The 61-key Casio CT-S1 is a popular choice amongst beginners looking for their first keyboard. It’s a reminder of why the original Casiotone keyboards were so successful. In this review, I will find out why it’s so popular and weigh up the good with the bad.
About the author
- 61 velocity-sensitive keys
- 64-note polyphony
- built-in speakers
- 61 voices
- 1/8″ in, 1/8″ out
- Chordana Play
Final verdict on the Casio CT-S1
The Casio CT-S1 is an outstanding first keyboard for anyone. It has some great features, including some authentic built-in effects. More importantly, it sounds fantastic for the price, and very few can offer more value for money.
What I like
- Excellent sound quality.
- Nice design.
- Chordana Play app.
- Built-in effects.
What I don’t like
- 1/4″ headphone jack would be better.
The Casio CT-S1 isn’t the best-sounding keyboard in its class. The Yamaha NP-12 beats it for grand pianos and the more expensive Roland Go:Keys potentially outdoes it, too. What I need to make clear is that it’s a close call, and the Casio CT-S1 is one of just a few exceptional keyboards at this price.
There are 61 sounds in total, which is more than enough for any beginner. The core sounds are the acoustic pianos, and they are fantastic. You get multiple variations of acoustic piano voices, ranging from darker, richer tones to brighter, modern tones.
What surprised me more was how good the other sounds are, especially the electric pianos and synths. The Rhodes and Wurly-style sounds have a lot of bite and are great for comping.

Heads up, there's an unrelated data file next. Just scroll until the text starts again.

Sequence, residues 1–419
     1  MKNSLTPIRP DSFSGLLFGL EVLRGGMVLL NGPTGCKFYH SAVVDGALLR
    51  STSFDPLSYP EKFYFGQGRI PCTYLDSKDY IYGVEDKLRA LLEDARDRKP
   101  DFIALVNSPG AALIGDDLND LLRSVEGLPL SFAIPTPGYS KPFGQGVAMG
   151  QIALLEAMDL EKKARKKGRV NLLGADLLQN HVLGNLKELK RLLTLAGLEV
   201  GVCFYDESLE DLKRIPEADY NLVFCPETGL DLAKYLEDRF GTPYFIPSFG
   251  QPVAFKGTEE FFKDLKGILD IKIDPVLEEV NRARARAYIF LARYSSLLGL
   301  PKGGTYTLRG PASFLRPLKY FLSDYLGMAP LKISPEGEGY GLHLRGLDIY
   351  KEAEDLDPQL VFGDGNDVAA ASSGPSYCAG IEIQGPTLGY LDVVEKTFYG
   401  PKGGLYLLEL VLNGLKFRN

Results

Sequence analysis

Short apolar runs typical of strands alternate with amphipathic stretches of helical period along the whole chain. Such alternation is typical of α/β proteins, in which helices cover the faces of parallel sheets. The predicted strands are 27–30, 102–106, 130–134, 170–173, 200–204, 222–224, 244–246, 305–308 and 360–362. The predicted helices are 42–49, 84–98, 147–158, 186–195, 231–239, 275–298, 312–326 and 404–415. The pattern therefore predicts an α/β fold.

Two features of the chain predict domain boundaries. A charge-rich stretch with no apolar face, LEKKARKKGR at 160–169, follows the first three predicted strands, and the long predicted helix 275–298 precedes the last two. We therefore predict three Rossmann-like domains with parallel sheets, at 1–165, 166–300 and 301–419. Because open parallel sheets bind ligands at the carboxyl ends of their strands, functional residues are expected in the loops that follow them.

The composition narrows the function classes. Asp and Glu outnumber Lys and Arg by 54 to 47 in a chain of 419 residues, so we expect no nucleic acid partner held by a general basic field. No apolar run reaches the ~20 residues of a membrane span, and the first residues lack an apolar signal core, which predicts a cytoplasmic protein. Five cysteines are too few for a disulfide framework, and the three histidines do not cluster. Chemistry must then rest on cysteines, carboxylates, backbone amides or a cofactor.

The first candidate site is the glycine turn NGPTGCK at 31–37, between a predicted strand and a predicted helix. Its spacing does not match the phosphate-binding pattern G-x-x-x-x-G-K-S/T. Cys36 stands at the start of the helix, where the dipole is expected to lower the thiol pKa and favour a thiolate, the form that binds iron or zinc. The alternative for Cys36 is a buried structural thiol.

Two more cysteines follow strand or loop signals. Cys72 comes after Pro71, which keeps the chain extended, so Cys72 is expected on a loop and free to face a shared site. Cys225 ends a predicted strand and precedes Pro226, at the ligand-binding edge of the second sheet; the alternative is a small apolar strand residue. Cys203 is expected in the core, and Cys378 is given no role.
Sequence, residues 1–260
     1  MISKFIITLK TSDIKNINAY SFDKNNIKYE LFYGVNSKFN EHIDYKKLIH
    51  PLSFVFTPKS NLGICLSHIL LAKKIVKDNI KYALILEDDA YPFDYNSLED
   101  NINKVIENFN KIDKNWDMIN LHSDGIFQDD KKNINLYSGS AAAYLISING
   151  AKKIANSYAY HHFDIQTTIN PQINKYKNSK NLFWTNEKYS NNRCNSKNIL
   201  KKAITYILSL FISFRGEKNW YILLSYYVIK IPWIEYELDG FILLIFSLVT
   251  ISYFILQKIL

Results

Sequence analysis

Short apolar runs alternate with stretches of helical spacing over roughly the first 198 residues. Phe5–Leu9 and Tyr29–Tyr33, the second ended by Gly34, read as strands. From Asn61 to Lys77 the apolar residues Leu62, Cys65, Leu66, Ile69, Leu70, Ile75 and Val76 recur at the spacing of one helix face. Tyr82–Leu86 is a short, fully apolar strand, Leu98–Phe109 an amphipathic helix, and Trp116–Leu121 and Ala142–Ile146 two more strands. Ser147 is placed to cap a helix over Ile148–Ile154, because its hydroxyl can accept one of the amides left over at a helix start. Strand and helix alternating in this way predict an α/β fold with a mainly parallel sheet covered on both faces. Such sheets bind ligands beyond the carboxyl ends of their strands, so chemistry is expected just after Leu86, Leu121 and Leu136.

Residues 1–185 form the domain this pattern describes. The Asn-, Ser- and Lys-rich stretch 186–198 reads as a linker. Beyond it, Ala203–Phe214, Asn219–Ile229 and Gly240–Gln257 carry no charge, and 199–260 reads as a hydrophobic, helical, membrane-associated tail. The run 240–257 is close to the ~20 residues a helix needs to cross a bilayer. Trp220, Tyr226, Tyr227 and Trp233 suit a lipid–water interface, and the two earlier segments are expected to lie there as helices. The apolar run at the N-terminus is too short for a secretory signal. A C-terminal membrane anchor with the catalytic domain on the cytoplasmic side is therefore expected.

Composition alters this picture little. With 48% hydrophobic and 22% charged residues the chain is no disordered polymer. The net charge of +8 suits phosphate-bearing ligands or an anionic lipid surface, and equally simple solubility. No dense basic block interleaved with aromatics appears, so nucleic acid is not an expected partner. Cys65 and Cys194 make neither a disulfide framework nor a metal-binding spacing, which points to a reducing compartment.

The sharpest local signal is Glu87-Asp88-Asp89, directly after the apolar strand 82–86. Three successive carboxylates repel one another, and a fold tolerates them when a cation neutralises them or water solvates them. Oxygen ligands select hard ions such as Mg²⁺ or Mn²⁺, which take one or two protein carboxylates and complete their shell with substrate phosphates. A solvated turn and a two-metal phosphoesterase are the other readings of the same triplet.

The Casio CT-S1 comes with two 5.1″ speakers, each powered by a 2.5 W amplifier. So, on the size and power of the speaker system, it’s about average for the price point, perhaps slightly ahead.
However, it doesn’t really matter if the speakers aren’t too powerful on a beginner keyboard. All that matters is that they deliver clear sound, and these ones do. That’s one significant improvement from the Casiotone keyboards of years ago.
The other thing I like is the design; it’s simple and not intrusive. The speaker bar is smooth; there are no chunky, outdated, in-your-face speaker grills.
The CT-S1 has 61 velocity-sensitive keys. The keys aren’t weighted and have a very light action. That’s not an issue for this kind of keyboard, but if you’re hoping for a realistic piano feel, you won’t find it here.
What you do get are extremely responsive keys. Even without the weight, the different levels of touch sensitivity are enough to allow for dynamic playing. Overall, maybe not the best I’ve felt at this price, but not far from it.
The Casio CT-S1 isn’t packed with over-the-top features. But, it’s got everything a learner needs and a little bit more.
The built-in one-track recorder has an internal memory capable of capturing up to 40,000 notes. That should be more than enough for anything that the average learner is playing.
I say this a lot, but having a built-in recorder is so beneficial. As a beginner, it’s easy to assume you are doing something right when it’s actually wrong. With no critical listening, those mistakes become habits that are very hard to correct down the line.
Virtual concert halls